Unless you can demonstrate that Treblinka-like densities were not possible under the circumstances in which Treblinka operated, all this means is that the authorities considered no higher densities possible, either rightly so because circumstances different than at Treblinka did not allow for such densities in food and mouth burials, or wrongly so. Was it even a matter of density, by the way? How deep were the pits in which the carcasses were buried? And why didn't they just make them deeper? Any technical impossibility there, or were other considerations at play? If so, to what extent can these considerations be applied to Treblinka?
friedrichjansson wrote:Saying "it's different because the Reinhardt camps had limited area" misses the point. Why did they have limited area? Were the German authorities so stupid that they failed to realize that burying hundreds of thousands of people takes quite a bit of space?
Did they plan from the start to bury hundreds of thousands of people at each of these places, or did an originally limited program escalate into wholesale extermination after these camps had been erected? That's the first question you should answer.
friedrichjansson wrote:The Germans are known for being systematic in their planning. If they were planning extermination camps where the bodies would be buried, they would have allocated a sufficient space to execute that mission successfully, meaning an area similar to those planned for the foot and mouth sites.
What for if they could do with less? Less area meant smaller camps, less conspicuous, requiring less guard personnel and other resources, and easier and faster to dismantle when the job had been done. Less area also reduced the likeliness of anyone stumbling upon the mass graves after they camps had been dissolved. All these factors FJ's systematic Germans must have taken into account, and weighed them against the advantages of a larger area allowing for a more leisurely use of burial space.
friedrichjansson wrote:They were perfectly capable of confiscating large tracts of land when they needed to build an artillery range; exterminating the Jews would have been no less of a priority. Using a large area would also have greatly improved the security of the site. So if the Germans did plan extermination camps, they would have built large facilities.
Despite the obvious advantages of smaller facilities, and despite the possibility of making do with less burial area? Highly unlikely. And besides, with evidence showing that this was just what they did, coulda-woulda-shoulda-dooda considerations are as moot as can be.

------
friedrichjansson wrote:Here's one of the mass burial sites in action:

Image

And what the burials looked like:

Image

Now, let's compare that to Treblinka, which supposedly buried more carcasses than this site. The highlighted region corresponds to the region excavated in the earlier photo.

Image

Those little yellow pits on the Treblinka map are supposed to have held more carcasses than the large region highlighted in orange. This is obviously impossible.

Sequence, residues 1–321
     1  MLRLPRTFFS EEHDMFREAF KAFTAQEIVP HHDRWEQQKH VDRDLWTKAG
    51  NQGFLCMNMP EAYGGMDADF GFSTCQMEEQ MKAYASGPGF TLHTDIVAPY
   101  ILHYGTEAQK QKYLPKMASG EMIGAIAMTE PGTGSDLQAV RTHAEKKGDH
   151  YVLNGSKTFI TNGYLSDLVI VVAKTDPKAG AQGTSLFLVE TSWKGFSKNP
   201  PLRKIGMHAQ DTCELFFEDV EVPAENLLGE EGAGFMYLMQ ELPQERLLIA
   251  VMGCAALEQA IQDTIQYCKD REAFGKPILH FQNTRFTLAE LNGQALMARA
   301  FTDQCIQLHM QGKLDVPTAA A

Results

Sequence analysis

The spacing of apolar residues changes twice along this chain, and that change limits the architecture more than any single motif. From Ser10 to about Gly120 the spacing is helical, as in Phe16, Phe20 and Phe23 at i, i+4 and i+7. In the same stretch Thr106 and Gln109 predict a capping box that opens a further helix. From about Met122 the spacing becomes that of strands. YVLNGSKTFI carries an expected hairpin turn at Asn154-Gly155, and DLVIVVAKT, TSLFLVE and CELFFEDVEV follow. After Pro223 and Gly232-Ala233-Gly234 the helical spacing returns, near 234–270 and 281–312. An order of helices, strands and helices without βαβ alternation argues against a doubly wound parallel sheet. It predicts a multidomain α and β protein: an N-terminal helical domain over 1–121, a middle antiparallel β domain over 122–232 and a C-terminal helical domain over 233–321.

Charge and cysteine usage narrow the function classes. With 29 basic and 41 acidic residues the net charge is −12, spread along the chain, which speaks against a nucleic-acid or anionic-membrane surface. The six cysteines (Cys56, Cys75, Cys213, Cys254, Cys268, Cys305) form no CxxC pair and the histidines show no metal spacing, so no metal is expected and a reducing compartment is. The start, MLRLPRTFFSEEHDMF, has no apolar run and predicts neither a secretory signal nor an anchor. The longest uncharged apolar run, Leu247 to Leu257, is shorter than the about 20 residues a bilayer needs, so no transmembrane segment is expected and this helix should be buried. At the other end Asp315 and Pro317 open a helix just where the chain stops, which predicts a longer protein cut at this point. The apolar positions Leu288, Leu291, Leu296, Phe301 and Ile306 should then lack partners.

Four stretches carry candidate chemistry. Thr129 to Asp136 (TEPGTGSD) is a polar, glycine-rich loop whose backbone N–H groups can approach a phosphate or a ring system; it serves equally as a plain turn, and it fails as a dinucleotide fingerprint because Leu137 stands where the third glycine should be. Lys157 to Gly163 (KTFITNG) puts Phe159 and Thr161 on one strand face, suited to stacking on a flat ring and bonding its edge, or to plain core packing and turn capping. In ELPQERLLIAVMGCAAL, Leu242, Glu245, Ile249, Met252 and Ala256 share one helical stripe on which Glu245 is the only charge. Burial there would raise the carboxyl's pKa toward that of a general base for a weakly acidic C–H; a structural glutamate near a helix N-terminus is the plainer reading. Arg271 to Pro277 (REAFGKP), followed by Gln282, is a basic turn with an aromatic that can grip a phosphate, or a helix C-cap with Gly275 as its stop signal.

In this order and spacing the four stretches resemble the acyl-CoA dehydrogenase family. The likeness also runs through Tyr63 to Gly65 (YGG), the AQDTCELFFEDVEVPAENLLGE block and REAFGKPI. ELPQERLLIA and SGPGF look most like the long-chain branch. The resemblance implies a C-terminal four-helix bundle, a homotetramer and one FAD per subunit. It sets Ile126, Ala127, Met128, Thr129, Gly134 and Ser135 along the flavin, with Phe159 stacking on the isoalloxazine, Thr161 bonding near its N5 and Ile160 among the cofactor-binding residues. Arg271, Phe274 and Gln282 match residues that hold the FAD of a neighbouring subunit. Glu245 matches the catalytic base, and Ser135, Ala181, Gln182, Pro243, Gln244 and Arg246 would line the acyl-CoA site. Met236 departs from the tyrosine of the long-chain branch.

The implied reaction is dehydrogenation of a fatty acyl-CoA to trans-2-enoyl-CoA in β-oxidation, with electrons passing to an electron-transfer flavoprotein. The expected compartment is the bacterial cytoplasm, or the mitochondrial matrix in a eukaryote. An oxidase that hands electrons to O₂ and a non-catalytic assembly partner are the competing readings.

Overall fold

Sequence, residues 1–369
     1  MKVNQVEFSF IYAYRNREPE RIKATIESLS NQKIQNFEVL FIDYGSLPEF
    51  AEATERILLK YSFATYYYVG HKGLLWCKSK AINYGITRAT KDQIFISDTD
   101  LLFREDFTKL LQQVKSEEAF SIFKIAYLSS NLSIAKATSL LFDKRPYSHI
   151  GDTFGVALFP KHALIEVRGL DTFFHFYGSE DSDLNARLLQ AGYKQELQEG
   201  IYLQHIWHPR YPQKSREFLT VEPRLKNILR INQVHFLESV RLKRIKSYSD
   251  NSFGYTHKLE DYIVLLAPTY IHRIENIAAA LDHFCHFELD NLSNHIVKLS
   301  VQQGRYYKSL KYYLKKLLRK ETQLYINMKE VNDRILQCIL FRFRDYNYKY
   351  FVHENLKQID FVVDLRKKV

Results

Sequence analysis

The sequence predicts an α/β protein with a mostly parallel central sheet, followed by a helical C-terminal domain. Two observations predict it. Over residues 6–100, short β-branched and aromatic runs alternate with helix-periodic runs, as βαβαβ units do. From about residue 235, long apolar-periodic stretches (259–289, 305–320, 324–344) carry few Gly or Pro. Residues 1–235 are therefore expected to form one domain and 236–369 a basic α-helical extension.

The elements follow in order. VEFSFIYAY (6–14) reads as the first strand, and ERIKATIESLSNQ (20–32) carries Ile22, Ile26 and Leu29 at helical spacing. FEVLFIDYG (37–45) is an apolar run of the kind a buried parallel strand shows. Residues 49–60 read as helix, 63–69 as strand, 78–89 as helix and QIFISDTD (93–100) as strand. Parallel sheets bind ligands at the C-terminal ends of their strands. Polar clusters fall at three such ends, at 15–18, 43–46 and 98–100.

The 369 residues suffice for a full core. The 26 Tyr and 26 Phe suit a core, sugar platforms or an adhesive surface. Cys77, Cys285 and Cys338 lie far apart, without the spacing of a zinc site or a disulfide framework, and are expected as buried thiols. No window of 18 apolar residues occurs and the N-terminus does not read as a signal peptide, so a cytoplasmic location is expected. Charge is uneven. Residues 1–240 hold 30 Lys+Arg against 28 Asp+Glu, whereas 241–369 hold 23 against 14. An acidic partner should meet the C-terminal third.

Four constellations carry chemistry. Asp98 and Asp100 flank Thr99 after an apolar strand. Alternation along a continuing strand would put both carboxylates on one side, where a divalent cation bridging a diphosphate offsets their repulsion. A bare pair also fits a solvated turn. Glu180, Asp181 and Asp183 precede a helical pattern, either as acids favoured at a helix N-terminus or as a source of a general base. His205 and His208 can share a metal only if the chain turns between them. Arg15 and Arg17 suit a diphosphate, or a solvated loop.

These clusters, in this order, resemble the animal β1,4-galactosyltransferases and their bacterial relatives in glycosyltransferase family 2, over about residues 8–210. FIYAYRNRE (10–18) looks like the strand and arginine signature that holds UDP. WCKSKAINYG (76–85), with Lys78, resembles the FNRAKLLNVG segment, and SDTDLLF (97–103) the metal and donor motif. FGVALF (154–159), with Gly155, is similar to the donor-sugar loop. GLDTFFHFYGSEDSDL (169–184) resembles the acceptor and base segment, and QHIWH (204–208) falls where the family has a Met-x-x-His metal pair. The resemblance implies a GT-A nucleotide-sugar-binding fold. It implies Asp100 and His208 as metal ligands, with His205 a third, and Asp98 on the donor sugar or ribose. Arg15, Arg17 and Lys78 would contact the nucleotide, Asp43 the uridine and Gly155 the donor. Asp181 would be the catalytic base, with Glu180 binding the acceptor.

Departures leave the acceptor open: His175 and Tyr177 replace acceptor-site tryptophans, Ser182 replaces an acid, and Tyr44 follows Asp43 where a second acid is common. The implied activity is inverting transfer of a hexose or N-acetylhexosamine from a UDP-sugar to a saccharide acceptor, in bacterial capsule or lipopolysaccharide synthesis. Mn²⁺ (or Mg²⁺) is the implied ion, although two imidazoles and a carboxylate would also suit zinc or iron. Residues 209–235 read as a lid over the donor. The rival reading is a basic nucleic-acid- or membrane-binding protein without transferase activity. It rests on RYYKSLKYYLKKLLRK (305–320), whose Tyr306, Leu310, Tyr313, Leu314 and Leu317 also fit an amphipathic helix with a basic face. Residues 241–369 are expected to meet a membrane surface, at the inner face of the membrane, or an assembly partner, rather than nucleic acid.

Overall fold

Who said those little yellow pits are the only burial pits in the Treblinka area? They cover but a fraction of the areas assumed by Peter Laponder based on eyewitness testimonies and common sense. They also cover but a fraction of the area that postwar criminal investigators found covered by ashes and other partial human remains. And CSC's work was far from finished at the time this map was made, as explained here.
friedrichjansson wrote:Further details here.
Highly irrelevant unless a physical/technical impossibility of mass burials at Treblinka and the other AR camps can be demonstrated.
Denial of generally known historical facts should not be punishable. For those who maintain, for instance, that Germany did not take part in World War I or that Adenauer fought at Issus in 333, their own stupidity is punishment enough. The same should apply to the denial of the horrors and crimes of the recent German past.
~ A German jurist by the name of Baumann in the German juridical magazine NJW, quoted in: Bailer-Galanda/Benz/Neugebauer (ed.), Die Auschwitzleugner, Berlin 1996, page 261 (my translation).

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Re: Foot and Mouth burial space versus the Reinhardt camps

Post by randomforumguy » Wed Jul 17, 2013 5:52 pm

freidrich. Do you want to re-evaluate your insinuations before I destroy your argument in less than a paragraph ? :roll:

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Re: Foot and Mouth burial space versus the Reinhardt camps

Post by randomforumguy » Thu Jul 18, 2013 12:25 am

randomforumguy wrote:freidrich. Do you want to re-evaluate your insinuations before I destroy your argument in less than a paragraph ? :roll:

You'll look as bad as berg and your pride could never be the same afterwards

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Re: Foot and Mouth burial space versus the Reinhardt camps

Post by randomforumguy » Thu Jul 18, 2013 1:44 am

It is ashes that are buried, not people. You know when your relative dies and they give you a little box of what was left of them. The box occupies much less space then an actual person.